4. Mark corporate events and other non-training courses in the course catalog spreadsheet so they can be categorized appropriately and/or eliminated. (A lot of organizations use their LMS as an event management system. This can really clutter your course catalog.)
  5. Correct categories, subcategories, delivery, and course unit types for all courses, on a spreadsheet.
  6. Determine course catalog import structure. (Ask your new LMS vendor about this.)
  7. Should courses in all languages be displayed in the same catalog? In multiple catalogs?
  8. Assign college levels (100 level, 200 level, and so on) so curricula are assigned in an appropriate order.

Some general administrative tasks (in addition to those provided by your LMS vendor)…

  1. Decide how many administrator levels are needed, with associated permissions. (Questions about how to do this or any other tasks? Just comment below.)
  2. Create a list of tasks each level of administrator will complete.
  3. Decide on lead administrators for each department, if your organization is large.
  4. Determine a “regular chores” list for administrators.
  5. Create an LMS support email address that routes to the correct admins.
  6. Will IT have any administrator role in the new LMS?
  7. Determine what inbound/outbound system feeds need to run to the LMS. Maybe your HRIS?
  8. Decide on a go-live date for the LMS.
  9. Discuss GDPR and ADA 508 compliance.
  10. Run test batch import of all data types, such as course history, user information, and so on. (Ask your LMS vendor for advice.)
  11. After running successful test batches, import all data. Test to confirm success.
  12. Discuss whether interface should be offered in multiple languages.
  13. Create course equivalencies.
  14. Exploration of the benefits of xAPI, and how it can be effectively introduced.
  15. Get administrator tip sheets from vendor, if possible.
  16. Discuss how to utilize assessments and surveys more effectively.
  17. Schedule super administrator training with new LMS vendor.
  18. Explore security features and any national or international regulations pertaining to the data in your LMS.
  19. Negotiate contract.
  20. Negotiate SLA.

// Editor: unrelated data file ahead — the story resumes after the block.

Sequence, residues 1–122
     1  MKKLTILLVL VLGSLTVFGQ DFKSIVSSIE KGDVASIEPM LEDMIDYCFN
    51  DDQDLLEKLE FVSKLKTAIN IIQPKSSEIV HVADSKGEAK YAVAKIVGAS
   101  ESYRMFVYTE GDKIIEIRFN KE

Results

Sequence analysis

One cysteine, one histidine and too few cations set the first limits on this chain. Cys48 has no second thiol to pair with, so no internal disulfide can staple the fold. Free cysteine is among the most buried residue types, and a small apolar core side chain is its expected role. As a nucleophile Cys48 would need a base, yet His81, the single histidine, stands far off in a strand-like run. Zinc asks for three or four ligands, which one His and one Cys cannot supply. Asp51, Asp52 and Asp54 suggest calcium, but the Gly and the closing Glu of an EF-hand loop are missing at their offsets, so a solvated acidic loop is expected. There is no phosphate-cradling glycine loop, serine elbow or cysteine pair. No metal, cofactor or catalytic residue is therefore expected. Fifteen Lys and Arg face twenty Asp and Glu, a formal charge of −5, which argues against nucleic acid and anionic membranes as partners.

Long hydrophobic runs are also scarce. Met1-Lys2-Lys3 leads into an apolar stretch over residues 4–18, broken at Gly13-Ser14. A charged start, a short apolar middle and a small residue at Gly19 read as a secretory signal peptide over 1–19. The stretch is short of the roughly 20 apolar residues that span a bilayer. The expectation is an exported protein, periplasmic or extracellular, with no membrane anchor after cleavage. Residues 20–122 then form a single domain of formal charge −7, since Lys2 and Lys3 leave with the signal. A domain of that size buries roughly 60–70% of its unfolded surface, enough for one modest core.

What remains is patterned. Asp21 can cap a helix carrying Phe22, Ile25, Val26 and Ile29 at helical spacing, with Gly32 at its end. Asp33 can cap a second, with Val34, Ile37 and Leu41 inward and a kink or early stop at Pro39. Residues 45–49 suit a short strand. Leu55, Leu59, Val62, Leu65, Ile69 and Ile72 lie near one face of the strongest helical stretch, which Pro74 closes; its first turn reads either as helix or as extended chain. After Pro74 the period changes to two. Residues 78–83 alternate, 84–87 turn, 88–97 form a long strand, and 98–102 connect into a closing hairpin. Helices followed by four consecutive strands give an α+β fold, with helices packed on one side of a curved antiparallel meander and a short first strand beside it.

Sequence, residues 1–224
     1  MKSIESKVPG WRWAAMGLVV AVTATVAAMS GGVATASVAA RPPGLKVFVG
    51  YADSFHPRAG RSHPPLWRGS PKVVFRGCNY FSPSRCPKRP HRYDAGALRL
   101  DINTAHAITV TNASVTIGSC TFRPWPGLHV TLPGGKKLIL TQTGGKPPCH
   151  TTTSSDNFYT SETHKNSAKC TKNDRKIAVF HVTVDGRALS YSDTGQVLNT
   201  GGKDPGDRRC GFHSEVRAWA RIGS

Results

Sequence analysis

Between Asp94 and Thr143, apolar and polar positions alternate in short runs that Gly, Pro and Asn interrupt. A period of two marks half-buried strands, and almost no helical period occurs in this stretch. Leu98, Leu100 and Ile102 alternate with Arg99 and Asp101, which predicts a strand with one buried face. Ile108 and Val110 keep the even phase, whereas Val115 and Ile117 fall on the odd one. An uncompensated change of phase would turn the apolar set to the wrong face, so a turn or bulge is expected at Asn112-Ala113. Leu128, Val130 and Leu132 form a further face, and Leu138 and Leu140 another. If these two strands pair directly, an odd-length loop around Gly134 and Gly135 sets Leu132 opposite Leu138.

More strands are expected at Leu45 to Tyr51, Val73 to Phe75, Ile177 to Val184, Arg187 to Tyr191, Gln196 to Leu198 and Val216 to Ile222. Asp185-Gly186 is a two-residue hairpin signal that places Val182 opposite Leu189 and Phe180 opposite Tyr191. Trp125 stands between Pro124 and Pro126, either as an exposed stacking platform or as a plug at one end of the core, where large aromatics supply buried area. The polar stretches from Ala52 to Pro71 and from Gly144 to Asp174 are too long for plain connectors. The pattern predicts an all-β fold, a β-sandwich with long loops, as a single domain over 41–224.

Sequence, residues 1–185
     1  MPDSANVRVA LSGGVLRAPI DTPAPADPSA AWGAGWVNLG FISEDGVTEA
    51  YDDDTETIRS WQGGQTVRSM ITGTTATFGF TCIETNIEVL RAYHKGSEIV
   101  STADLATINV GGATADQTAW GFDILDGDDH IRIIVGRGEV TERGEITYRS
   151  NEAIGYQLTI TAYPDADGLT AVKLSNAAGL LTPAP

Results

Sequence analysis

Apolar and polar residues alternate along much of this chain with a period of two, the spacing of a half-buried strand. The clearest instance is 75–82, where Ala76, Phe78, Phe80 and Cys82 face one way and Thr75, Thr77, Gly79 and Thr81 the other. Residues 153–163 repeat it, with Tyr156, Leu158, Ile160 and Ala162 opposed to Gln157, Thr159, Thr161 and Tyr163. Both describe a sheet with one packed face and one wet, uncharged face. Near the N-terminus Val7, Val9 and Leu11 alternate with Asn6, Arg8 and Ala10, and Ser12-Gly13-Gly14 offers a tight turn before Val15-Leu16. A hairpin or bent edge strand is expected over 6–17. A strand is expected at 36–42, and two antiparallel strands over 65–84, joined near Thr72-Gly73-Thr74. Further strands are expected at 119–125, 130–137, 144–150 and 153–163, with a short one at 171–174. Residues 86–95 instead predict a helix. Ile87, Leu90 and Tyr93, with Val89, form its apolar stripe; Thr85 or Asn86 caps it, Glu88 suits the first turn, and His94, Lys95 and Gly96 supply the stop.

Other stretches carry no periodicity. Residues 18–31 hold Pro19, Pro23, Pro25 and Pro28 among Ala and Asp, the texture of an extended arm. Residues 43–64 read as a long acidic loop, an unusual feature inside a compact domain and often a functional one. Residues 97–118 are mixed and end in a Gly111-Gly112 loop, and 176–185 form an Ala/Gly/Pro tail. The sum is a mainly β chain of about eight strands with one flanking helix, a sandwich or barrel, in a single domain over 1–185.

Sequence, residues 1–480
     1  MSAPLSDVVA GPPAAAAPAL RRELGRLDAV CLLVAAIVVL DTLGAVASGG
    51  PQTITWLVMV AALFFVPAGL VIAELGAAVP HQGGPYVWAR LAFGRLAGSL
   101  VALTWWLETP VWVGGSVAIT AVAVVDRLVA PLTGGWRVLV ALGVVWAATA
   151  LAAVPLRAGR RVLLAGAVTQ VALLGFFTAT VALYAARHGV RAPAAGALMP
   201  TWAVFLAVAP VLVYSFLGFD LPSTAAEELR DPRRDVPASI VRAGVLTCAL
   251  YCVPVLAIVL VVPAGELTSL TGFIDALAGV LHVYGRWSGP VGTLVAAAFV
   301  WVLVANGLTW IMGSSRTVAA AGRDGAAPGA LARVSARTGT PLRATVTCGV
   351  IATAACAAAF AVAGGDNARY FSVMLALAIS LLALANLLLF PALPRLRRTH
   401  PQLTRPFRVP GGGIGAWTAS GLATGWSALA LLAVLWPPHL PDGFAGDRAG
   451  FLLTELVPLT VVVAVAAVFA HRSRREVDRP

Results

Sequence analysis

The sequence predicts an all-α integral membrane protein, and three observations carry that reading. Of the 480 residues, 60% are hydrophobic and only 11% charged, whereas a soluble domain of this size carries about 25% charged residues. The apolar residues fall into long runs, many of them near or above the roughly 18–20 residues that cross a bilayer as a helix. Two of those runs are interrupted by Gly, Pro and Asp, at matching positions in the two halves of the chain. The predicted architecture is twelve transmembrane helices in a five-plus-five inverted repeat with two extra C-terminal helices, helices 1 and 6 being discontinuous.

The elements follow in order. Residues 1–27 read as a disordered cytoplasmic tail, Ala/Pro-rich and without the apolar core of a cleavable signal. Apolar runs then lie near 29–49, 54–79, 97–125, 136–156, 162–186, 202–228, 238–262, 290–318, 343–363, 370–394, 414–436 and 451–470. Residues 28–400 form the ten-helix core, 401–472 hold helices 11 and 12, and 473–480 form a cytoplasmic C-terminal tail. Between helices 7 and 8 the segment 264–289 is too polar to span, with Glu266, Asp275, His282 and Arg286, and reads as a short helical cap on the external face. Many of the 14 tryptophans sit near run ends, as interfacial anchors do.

21. Decide when to cut over from your old LMS to the new LMS.
  22. Communicate that cut-over plan to your end users.
  23. Decide on the URL for the new LMS.
  24. Replace links to the old LMS with links to the new one.
  25. Train administrators on new system processes.
  26. Begin weekly recorded webinars on LMS administration targeted for different admin levels.
  27. Begin bi-weekly LMS “office hours,” to assist your LMS administrators with data entry and basic questions.
  28. Develop how-to videos for common LMS user/administrator tasks.
  29. Evaluate your organization’s training data entry procedure and streamline it. (Make sure your trainers track their classroom sessions and attendees in the LMS.)
  30. Test user interface prior to go-live. (Have lots of people test it. Try to break it.)
  31. Test class scheduling functionality.
  32. Test learning tracks or paths, and reports.
  33. Test upload of courses.
  34. Test EVERYTHING.
  35. Allow extra time to troubleshoot.
  36. Run a test of the system backup, if there is one.
  37. Run a test upgrade.
  38. System FAQ documents for members of your IT department as well as end users. (Definitely explain how to reset a user password, if passwords are required!)
  39. Review current third-party course vendors. Are they cost-effective?

Marketing and design tasks…

  1. Determine a name for the new LMS.
  2. Create an LMS logo.
  3. Determine a multi-tier marketing plan for different employee levels.
  4. Draft the look of the user interface.
  5. Add gamification elements, if needed.
  6. Create an LMS introductory video, emails, or posters to help you internally market the system.

What tasks would you add to this list?  Comment below!  Connect with me on Twitter or LinkedIn.

© Katrina Marie Baker, 2018. Unauthorized use and/or duplication of this material without express and written permission from the author is strictly prohibited. Excerpts may be used, provided that full credit is given to Katrina Baker with specific direction to LMS Success.

The post Task List for Your Learning Management System (LMS) Implementation appeared first on eLearning.

Free Webinar: Successfully Implement Your Learning Management System (LMS)

I’m doing a free virtual session on November 29 for anyone implementing a new learning management system! Content is based on my book LMS Success. Come join our awesome, always energetic audience.

Register here: https://elearningindustry.com/webinars/successfully-implement-your-learning-management-system-lms

Here is the session description:

Congratulations! You’ve selected the perfect Learning Management System. Now what? Join Katrina Marie Baker in this 60-minute webinar for a lively discussion and some amusing war stories from past implementations.

Our agenda will cover how to:

  • Complete your implementation so smoothly that executive leadership is in awe of your project management skills.
  • Avoid common pitfalls that cause your implementation to stretch out longer than originally expected.
  • Work effectively with your LMS vendor to determine a timeline, set expectations, and get everything done on time.
  • Assemble an administrator team that is excited, knowledgeable, and well organized.

The post Free Webinar: Successfully Implement Your Learning Management System (LMS) appeared first on eLearning.